- In this comprehensive video, Kelly Starrett (of MobilityWOD on YouTube, and author of 'Becoming a Supple Leopard') interviews Gary Reinl (Author of 'ICED! The Illusionary Treatment Option') on why RICE and ice is the wrong way to treat "muscular" injuries:
Key Points From The Video About Icing
– The basic idea of icing is wrong. (Although it does make you feel better temporarily.)
– Using ice “Minimizes the body's ability to clear waste and bring in nutrients.”
– “Could the body's natural inflammatory response actually be a mistake!?”
– If it's not a mistake then why are we told to prevent it?
– “There can be inflammation without healing - But there can't be healing without inflammation"
- Here's a link to Gary Reinl's book 'ICED! The Illusionary Treatment Option' (on Amazon)
- And here, Lauren Beasley, MS, PT, OCS, NKT, reviews the book on 'Breaking Muscle' and seems to agree with the message:
"Ice Delays Recovery," Says Dr. Mirkin
Dr. Gabe Mirkin, who came up with the acronym RICE for sports injuries in the 1978 book he coauthored, 'The Sports Medicine Book' has reversed his position on rest and ice for most minor to moderate injuries claiming that "Ice delays recovery" - Here's his book on Amazon:
- "Coaches have used my “RICE” guideline for decades, but now it appears that both Ice and complete Rest may delay healing, instead of helping." - Gabe Mirkin, M.D. - Why Ice Delays Recovery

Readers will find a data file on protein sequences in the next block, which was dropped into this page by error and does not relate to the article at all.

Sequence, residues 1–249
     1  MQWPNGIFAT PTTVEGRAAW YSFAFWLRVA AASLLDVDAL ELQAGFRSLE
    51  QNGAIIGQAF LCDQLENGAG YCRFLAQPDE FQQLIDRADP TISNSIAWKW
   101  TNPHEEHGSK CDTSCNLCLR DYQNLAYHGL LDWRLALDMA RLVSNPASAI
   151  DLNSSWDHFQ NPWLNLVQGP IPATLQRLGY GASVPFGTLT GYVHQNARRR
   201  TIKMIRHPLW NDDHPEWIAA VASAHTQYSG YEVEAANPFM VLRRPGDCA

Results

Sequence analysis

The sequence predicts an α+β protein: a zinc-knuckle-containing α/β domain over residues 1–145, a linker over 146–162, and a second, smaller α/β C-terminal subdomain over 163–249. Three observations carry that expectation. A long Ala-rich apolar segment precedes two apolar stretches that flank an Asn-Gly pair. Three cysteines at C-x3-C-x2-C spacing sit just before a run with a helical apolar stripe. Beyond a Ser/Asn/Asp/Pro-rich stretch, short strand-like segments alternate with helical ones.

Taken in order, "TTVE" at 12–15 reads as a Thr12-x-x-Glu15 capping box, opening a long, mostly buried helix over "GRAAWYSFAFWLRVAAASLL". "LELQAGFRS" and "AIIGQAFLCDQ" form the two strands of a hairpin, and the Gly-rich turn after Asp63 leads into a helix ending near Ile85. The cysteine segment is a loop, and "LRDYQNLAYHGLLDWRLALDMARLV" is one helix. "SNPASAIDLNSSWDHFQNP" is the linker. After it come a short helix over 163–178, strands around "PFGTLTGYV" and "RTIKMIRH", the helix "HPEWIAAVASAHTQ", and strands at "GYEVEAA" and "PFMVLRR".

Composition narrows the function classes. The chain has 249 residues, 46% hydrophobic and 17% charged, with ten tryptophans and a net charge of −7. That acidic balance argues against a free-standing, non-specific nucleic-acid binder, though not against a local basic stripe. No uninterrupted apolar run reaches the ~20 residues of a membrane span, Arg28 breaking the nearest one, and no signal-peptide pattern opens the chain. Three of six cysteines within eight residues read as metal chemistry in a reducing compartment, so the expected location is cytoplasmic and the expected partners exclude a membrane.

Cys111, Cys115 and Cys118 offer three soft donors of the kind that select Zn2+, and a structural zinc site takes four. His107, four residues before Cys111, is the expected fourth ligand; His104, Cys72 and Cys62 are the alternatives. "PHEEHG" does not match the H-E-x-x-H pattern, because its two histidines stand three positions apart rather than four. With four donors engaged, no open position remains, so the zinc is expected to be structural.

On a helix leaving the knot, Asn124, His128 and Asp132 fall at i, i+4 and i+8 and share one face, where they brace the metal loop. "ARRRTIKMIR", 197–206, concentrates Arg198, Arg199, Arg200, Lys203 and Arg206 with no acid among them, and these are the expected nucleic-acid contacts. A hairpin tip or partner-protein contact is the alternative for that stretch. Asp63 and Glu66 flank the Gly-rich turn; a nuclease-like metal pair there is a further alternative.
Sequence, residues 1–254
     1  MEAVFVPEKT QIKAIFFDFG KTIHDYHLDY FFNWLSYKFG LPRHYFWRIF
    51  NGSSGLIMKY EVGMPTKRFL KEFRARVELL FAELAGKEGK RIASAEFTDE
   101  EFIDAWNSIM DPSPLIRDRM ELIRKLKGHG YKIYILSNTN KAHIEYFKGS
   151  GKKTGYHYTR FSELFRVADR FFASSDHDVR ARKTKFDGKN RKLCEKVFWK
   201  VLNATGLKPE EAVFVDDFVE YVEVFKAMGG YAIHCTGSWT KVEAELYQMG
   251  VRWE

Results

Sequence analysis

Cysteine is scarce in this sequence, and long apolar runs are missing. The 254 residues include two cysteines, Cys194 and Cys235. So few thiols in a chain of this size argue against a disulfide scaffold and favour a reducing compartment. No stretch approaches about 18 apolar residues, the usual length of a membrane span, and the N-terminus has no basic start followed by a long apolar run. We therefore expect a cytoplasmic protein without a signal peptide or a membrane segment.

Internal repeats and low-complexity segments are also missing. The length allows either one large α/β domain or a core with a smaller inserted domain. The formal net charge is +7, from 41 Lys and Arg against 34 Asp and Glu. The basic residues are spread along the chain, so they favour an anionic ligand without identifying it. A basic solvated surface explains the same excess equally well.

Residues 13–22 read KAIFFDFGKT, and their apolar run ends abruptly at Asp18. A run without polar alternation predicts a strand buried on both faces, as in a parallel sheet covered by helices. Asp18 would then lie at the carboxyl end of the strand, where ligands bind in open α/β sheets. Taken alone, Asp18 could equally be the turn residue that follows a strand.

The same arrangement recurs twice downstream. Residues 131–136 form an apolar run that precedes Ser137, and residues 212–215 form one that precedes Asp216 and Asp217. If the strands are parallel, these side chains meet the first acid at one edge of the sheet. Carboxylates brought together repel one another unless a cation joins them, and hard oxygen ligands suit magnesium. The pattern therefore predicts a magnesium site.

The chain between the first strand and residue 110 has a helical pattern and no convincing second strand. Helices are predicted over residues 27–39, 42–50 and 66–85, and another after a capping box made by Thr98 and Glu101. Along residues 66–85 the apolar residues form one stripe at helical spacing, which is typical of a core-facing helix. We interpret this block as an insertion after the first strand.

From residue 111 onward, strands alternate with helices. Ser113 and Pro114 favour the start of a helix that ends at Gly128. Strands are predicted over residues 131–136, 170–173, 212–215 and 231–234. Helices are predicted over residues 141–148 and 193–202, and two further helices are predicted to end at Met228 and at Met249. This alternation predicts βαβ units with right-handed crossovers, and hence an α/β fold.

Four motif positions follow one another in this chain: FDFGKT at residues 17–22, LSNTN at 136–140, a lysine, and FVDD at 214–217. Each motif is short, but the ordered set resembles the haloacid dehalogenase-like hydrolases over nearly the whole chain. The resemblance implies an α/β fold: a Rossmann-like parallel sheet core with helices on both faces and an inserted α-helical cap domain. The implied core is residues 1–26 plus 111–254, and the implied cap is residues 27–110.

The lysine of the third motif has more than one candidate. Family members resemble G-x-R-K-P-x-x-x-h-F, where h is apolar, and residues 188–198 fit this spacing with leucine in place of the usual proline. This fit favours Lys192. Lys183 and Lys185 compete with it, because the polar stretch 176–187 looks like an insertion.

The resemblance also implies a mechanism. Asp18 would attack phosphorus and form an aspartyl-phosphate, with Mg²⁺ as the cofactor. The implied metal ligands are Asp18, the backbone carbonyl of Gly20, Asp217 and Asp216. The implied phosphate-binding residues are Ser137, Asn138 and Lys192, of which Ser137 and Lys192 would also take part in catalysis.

- It seems to be really catching on now. After all, it's long overdue time to reconsider R.I.C.E. and to stop demonizing local, healing-specific inflammation resulting from an injury. Here are several references to articles on sports and fitness-related websites:
- Gale Bernhardt, the U.S. Triathlon team coach at the 2004 Athens Olympics, has "switched sides" and is now in the "RICE is wrong" camp, according to her article on Active .com, where she references both Gary Reinl's and Dr. Gabe Mirkin's books. More on my G+
- The problem is NOT inflammation, whether we're talking about an Acute injury, like a sprain or a strain - or a chronic injury, like Tennis Elbow. Inflammation is a natural, normal and necessary part of the healing process, and there is no need to "manage" it with ice or, worse, anti-inflammatory drugs (NSAIDs.)
- Here's an article in the Toronto Star quoting Gary Reinl, saying that icing "delays healing. It increases swelling, it causes additional damage,” and that "METH is the new RICE." (R.I.C.E. = Rest, Ice, Compression, Elevation - And METH = Movement, Elevation, Traction, Heat) - METH? Well, isn't that catchy!
- Here in prominent, online fitness mag, 'Breaking Muscle,' Doug Dupont references Dr. Mirkin and passes on his warning to athletes that although ice can be used to relieve pain in the short term, research suggests that ice also weakens them.
- "Cooling may help to decrease pain, but it interferes with the athlete’s strength, speed, endurance and coordination" - Gabe Mirkin, M.D.
- In 'Ice Age Melting...' Beth Allen cites Dr. Mirkin and studies published in The Journal of Strength and Conditioning Research and The American Journal of Sports Medicine suggesting that icing delays recovery and that...
- "If the treatment reduces inflammation it delays healing. This includes the use of anti-inflammatory pain relievers like ibuprofen." - Am. Jour. Sports Med.